Greg VdB

Greg VdB

Lives in Earth
Works as a Geoscientist
Has a website at www.pbase.com/gbleek
Joined on Sep 6, 2002

Comments

Total: 243, showing: 1 – 20
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On Fujifilm X100T Review preview (570 comments in total)

I'd love to buy one of these for my parents for nostalgic reasons alone. They used a very similarly looking 35mm camera throughout the 80's, 90's and naughts that captured all our family holidays and parties. It too had a 35mm f/2 lens. Since four years they use a Nikon travel zoom P&S instead, but I'm sure they'd appreciate the feel of the X100T more. However, they'd definitely miss the zoom. Also: at 1100+ Euro this is by no means a cheap back-up camera. I'm absolutely certain my parents only payed a fraction for the "equivalent" product in the film era...

Direct link | Posted on Mar 25, 2015 at 09:09 UTC as 104th comment
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Greg VdB: The "low-profile" thing is just a marketing tool. These days, everybody runs around with all kinds of bags containing smartphones, tablets, phablets, notebooks, and what have you not. The bags portrayed above could contain ANY of these, and pickpockets are really not going to pass on a good opportunity to steal an unattended bag just because it doesn't scream "photo-bag"! Just stay vigilent in crowds, and if possible avoid areas with higher crime rates...

Any stylish bag making you look like a reasonably wealthy person going to work defines you as a viable target. Wether or not you indeed do get targeted will depend much more on your diligence (/the chance that the offender gets away unnoticed) than on the type of bag you're carrying...

Direct link | Posted on Mar 13, 2015 at 12:32 UTC

The "low-profile" thing is just a marketing tool. These days, everybody runs around with all kinds of bags containing smartphones, tablets, phablets, notebooks, and what have you not. The bags portrayed above could contain ANY of these, and pickpockets are really not going to pass on a good opportunity to steal an unattended bag just because it doesn't scream "photo-bag"! Just stay vigilent in crowds, and if possible avoid areas with higher crime rates...

Direct link | Posted on Mar 13, 2015 at 10:10 UTC as 26th comment | 2 replies

I spent a nice breakfast going through his magnificent galleries. Thanks for a good start to the week, DPR!

What I love foremost is how natural all shots look - no vignetting or colour filters added to make the pictures look more dramatic or "vintage", just good honest photography!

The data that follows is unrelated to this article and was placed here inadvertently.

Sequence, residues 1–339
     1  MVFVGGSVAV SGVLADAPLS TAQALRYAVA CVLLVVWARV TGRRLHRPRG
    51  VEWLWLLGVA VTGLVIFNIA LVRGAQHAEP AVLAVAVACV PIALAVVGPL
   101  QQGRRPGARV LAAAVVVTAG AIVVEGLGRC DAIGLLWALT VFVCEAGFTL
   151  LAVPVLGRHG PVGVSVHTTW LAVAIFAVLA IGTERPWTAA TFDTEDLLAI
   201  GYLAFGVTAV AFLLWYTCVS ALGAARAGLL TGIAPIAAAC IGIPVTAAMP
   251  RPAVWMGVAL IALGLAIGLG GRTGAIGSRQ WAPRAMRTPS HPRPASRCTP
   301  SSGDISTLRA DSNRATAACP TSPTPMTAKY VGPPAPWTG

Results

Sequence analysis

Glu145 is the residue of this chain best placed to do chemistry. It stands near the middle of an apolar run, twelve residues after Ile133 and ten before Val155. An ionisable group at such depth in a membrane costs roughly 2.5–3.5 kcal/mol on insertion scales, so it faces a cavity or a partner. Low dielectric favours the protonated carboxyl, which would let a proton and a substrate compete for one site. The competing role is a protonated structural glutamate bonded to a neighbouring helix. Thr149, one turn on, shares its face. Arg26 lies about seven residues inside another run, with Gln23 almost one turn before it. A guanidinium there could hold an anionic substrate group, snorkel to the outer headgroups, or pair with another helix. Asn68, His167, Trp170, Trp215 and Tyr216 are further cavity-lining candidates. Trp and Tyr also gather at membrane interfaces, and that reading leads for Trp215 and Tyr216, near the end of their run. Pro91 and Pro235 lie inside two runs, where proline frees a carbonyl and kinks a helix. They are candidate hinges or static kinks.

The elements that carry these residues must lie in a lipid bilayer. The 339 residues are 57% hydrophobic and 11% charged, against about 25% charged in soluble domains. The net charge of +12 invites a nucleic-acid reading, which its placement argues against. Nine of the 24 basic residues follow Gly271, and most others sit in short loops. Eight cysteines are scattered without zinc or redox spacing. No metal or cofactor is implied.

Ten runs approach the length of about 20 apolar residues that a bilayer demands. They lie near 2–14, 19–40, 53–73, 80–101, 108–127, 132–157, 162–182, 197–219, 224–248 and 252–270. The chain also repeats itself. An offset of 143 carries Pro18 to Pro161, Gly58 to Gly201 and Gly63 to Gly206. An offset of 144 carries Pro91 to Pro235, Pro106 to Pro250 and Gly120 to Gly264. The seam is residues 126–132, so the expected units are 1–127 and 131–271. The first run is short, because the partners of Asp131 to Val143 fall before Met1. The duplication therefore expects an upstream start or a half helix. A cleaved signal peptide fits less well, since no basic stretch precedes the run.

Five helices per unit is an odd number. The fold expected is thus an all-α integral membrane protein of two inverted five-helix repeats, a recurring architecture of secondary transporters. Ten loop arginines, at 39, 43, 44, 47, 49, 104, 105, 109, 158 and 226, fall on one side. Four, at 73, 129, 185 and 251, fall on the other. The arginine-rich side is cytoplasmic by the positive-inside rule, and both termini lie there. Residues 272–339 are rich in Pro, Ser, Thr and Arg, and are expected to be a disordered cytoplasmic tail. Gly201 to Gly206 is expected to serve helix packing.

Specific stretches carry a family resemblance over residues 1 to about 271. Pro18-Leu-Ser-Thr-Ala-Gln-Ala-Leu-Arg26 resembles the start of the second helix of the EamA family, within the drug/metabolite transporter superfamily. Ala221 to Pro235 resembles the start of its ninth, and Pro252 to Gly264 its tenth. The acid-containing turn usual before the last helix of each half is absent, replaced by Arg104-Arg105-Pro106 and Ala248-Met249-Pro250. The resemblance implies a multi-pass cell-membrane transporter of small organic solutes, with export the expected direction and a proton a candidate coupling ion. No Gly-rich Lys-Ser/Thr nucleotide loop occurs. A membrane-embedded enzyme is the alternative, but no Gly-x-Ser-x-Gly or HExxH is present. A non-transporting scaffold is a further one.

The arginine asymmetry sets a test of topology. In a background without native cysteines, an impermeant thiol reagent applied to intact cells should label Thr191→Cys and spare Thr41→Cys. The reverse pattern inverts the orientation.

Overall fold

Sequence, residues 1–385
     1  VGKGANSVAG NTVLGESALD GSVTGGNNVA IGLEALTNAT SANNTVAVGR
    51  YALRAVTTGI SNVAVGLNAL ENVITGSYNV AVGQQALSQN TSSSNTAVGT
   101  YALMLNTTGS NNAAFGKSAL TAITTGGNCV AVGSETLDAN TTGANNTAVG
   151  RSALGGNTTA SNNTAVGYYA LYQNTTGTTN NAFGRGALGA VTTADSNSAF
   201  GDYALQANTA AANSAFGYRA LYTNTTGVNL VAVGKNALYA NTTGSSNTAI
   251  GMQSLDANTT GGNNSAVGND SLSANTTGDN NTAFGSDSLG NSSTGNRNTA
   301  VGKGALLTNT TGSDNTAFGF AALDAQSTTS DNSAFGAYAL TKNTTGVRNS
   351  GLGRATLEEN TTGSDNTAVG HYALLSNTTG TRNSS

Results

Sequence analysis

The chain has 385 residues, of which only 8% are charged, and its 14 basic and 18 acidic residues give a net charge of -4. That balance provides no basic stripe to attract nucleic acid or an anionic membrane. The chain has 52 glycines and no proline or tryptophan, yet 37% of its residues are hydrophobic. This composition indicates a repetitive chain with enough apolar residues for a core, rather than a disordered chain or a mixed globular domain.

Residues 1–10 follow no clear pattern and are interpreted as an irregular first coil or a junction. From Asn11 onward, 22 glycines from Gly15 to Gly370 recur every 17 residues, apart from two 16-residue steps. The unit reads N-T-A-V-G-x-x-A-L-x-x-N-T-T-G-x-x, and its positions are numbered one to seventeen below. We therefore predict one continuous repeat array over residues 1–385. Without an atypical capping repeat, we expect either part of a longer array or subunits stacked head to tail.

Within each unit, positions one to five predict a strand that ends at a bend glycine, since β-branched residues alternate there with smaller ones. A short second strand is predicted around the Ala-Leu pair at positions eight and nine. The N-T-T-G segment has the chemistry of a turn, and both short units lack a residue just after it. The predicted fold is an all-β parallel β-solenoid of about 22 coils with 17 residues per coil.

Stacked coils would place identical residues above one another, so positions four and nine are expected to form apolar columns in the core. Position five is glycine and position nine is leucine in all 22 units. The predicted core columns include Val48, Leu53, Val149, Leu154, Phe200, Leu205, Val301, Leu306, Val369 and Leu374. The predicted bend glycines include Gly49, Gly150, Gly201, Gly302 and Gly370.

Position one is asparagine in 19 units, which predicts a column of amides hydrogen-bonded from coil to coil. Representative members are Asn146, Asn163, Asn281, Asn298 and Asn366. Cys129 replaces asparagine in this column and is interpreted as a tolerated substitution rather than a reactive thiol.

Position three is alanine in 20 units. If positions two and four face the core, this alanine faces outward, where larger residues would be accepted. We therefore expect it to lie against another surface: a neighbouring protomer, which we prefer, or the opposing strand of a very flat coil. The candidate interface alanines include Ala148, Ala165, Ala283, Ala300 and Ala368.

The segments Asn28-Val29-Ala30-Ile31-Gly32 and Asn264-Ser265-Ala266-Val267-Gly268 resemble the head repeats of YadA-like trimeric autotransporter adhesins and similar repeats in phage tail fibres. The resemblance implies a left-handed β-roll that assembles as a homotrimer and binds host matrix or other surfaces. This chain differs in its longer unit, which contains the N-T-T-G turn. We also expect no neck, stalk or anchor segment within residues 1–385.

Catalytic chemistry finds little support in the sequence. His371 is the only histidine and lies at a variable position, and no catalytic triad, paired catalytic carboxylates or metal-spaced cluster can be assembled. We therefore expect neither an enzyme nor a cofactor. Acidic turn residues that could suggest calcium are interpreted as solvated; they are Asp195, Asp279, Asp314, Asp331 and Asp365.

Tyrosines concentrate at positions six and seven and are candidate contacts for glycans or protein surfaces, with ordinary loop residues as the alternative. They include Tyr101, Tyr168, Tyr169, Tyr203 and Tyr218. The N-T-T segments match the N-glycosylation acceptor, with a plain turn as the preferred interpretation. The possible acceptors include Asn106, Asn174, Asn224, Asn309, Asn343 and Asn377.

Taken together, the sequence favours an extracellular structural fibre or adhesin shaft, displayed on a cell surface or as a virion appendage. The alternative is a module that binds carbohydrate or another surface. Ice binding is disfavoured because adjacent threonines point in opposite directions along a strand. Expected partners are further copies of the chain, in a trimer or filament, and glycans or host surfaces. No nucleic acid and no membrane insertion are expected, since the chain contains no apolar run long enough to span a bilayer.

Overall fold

Direct link | Posted on Mar 9, 2015 at 06:29 UTC as 16th comment
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Greg VdB: Rishi, any thoughts on how usefull the image stabilization is on a lens this wide? It seems to me that most landscape photographers would put it on a tripod given the weight, and for event photographers shutter speeds can't be too long anyway. The only scenario I can think of off the top of my head are places like museums where tripods aren't allowed.

The inclusion of VC in a lens of this size definitely harms portability (weight ánd dimensions), but I concur, VC could come in handy in the scenarios you listed.

For video, I wonder how "smooth" the VC operates at these viewing angles - my SP 70-300 mm's VC has the tendency to stabilize the image a while and then jump to the next stable phase, which wouldn't be very nice in video. Therefore I use it on a tripod when shooting video, but at wide angles this is probably less of a problem? (any experience anyone?)

Direct link | Posted on Mar 6, 2015 at 08:46 UTC

Rishi, any thoughts on how usefull the image stabilization is on a lens this wide? It seems to me that most landscape photographers would put it on a tripod given the weight, and for event photographers shutter speeds can't be too long anyway. The only scenario I can think of off the top of my head are places like museums where tripods aren't allowed.

Direct link | Posted on Mar 5, 2015 at 21:08 UTC as 81st comment | 4 replies
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Timbukto: Subjectively I think the Tamron sunstars look good and like that it gets slightly diffuse going outwards. Not a fan of the Nikon double spikes. On the otherhand I don't like the medium sized sun flare blob on the Tamron, prefer the very large and more diffuse Canon sun flare blob, and Nikon's sun flare blob is so small I would consider PPing it away (the sun was also at its lowest in that shot as well). Do these lens flare blobs change much in size with different aperture values?